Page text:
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A message for July 4 from Rep. Megan Godfrey: America can be better and it will take more than mandated playing of the National Anthem


REP. MEGAN GODFREY: In photo that accompanied her Facebook commentary for July 4.

The Republicans gerrymandered Springdale to make it difficult for Democratic Rep. Megan Godfrey to be re-elected and so she did not seek another term this year. What a loss.

She’s said more diplomatically what many of us are thinking and feeling today in a commentary on Facebook:

I’ve always had a complicated relationship with patriotism. Ever since I was a teenager, the entanglement of Christianity and nationalism has made me feel uneasy, and I can’t hear the phrase “God bless America” without also remembering what Jesus actually said about what it means to be blessed. There are many in this country, and certainly many in the Arkansas legislature, who demand blind allegiance, unqualified fealty, unflinching reverence for our country and believe that any hint of acknowledgement that the United States of America is not the best, greatest, freest, most exceptional nation in all of time and space is traitorous and must be quelled. But I disagree. To me, true patriotism is loving America enough to not be afraid to make her better.

Thanks to a bill last session, Arkansas schools are required to pipe the national anthem through the PA system every week because, it was argued, *kids these days* just don’t understand sacrifice, freedom, and life, liberty, and the pursuit of happiness. Somehow, a mandatory listening to the national anthem, with no accompanying curriculum or discussion or explanation, was supposed to promote patriotism. I was the only person in the entire legislature to vote against it, and the attacks came immediately, both in my inbox and on the floor of the House of Representatives. My recommendation, both in committee and on the floor, was to integrate curriculum about the national anthem into music or social studies standards so that students could have a more robust understanding of patriotism and our songs and symbols that represent America. It was not received well. I was told that I was unfit to be a representative and that if I do not love this country I should leave. But I *do* love this country. That’s why I fight so hard to make her better, safer, and fairer for everyone.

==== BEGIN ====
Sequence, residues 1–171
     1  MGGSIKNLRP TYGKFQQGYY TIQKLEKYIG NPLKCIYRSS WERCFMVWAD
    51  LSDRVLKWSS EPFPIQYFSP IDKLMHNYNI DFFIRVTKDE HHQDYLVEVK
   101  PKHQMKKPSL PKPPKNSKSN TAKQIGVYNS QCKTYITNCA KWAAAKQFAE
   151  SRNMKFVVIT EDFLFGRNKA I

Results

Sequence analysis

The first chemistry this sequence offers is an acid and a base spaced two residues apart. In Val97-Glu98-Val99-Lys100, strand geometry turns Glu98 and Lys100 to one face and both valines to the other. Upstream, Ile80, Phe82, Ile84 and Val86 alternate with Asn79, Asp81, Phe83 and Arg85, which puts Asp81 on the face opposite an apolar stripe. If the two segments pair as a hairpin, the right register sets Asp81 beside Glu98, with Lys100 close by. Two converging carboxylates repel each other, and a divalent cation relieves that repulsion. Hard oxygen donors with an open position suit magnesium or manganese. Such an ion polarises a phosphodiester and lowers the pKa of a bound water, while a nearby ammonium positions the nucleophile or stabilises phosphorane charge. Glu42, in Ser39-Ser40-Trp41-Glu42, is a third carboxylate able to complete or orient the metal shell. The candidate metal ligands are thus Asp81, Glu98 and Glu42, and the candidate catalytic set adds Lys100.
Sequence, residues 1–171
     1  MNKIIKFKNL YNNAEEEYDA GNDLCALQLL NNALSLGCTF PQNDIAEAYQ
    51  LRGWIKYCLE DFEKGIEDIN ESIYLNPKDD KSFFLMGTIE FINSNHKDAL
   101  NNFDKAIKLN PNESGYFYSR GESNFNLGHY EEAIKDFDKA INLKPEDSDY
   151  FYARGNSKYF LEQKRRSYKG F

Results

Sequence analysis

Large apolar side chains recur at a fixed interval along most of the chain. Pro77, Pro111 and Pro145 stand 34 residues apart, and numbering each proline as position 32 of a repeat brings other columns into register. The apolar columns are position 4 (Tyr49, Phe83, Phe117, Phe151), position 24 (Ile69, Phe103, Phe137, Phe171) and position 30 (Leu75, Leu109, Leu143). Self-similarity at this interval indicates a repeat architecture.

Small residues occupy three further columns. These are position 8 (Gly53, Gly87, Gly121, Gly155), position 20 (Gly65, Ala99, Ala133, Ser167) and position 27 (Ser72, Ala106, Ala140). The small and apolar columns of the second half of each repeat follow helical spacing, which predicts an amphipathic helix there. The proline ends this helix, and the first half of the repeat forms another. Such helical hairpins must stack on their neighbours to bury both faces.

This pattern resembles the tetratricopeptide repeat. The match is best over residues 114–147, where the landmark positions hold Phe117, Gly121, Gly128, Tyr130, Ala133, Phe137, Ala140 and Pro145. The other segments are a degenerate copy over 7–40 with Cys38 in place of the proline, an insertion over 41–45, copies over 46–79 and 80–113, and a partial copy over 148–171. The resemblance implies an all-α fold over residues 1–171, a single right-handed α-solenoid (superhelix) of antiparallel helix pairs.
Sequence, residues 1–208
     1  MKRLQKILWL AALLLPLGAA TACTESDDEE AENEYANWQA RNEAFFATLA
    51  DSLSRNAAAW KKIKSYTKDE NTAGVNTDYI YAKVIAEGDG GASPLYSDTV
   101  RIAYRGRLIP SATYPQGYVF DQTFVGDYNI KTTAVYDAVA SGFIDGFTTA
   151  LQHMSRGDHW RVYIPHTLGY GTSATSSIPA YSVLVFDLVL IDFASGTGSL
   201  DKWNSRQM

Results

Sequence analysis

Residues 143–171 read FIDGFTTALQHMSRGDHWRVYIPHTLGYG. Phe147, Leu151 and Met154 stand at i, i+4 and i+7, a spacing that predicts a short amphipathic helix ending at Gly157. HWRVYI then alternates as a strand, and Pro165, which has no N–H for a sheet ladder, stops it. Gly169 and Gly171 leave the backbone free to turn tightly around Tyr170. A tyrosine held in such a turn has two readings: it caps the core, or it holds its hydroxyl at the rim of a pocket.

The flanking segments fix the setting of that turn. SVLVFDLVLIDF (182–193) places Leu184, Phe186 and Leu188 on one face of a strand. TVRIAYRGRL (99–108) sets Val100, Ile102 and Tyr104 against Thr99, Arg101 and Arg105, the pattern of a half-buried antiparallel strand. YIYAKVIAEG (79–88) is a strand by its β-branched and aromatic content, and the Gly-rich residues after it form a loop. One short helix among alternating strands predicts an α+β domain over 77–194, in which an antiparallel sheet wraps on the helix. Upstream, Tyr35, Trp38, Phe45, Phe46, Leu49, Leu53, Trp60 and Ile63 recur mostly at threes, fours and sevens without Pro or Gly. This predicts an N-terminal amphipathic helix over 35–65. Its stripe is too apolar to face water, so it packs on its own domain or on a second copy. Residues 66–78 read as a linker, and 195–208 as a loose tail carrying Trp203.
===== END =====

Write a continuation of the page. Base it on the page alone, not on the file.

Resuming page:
That’s why I’ve dedicated my life’s work to expanding opportunity and opening up the American dream to more of us. That’s why my heart breaks when time after time we are confronted with the reality that we have not yet achieved liberty and justice for all. And that’s why I voted against the Star Spangled Banner Act, because patriotism should never come from coercion but rather from an authentic and lifelong commitment to learning American stories, emulating American heroes, acknowledging American shortcomings, and joining others in the uniquely American fight for a more perfect union.

I’ve seen that many of you are feeling weary and don’t feel like celebrating as much as usual this year. That’s okay. It’s okay to feel angry and disappointed and exhausted. That’s part of your patriotism. That’s part of loving America and wanting more for her and her people. If you don’t feel like oohing and ahhing at fireworks or singing Proud to Be An American this year, I won’t make you. Rest, reflect, recharge, and know that your country and all she needs from you will be here for you when you’re ready.

Thank goodness we live in a country where it is acceptable to kneel on a football field — if you are a white football coach praying to a Republican approved religion

The post A message for July 4 from Rep. Megan Godfrey: America can be better and it will take more than mandated playing of the National Anthem appeared first on Arkansas Times.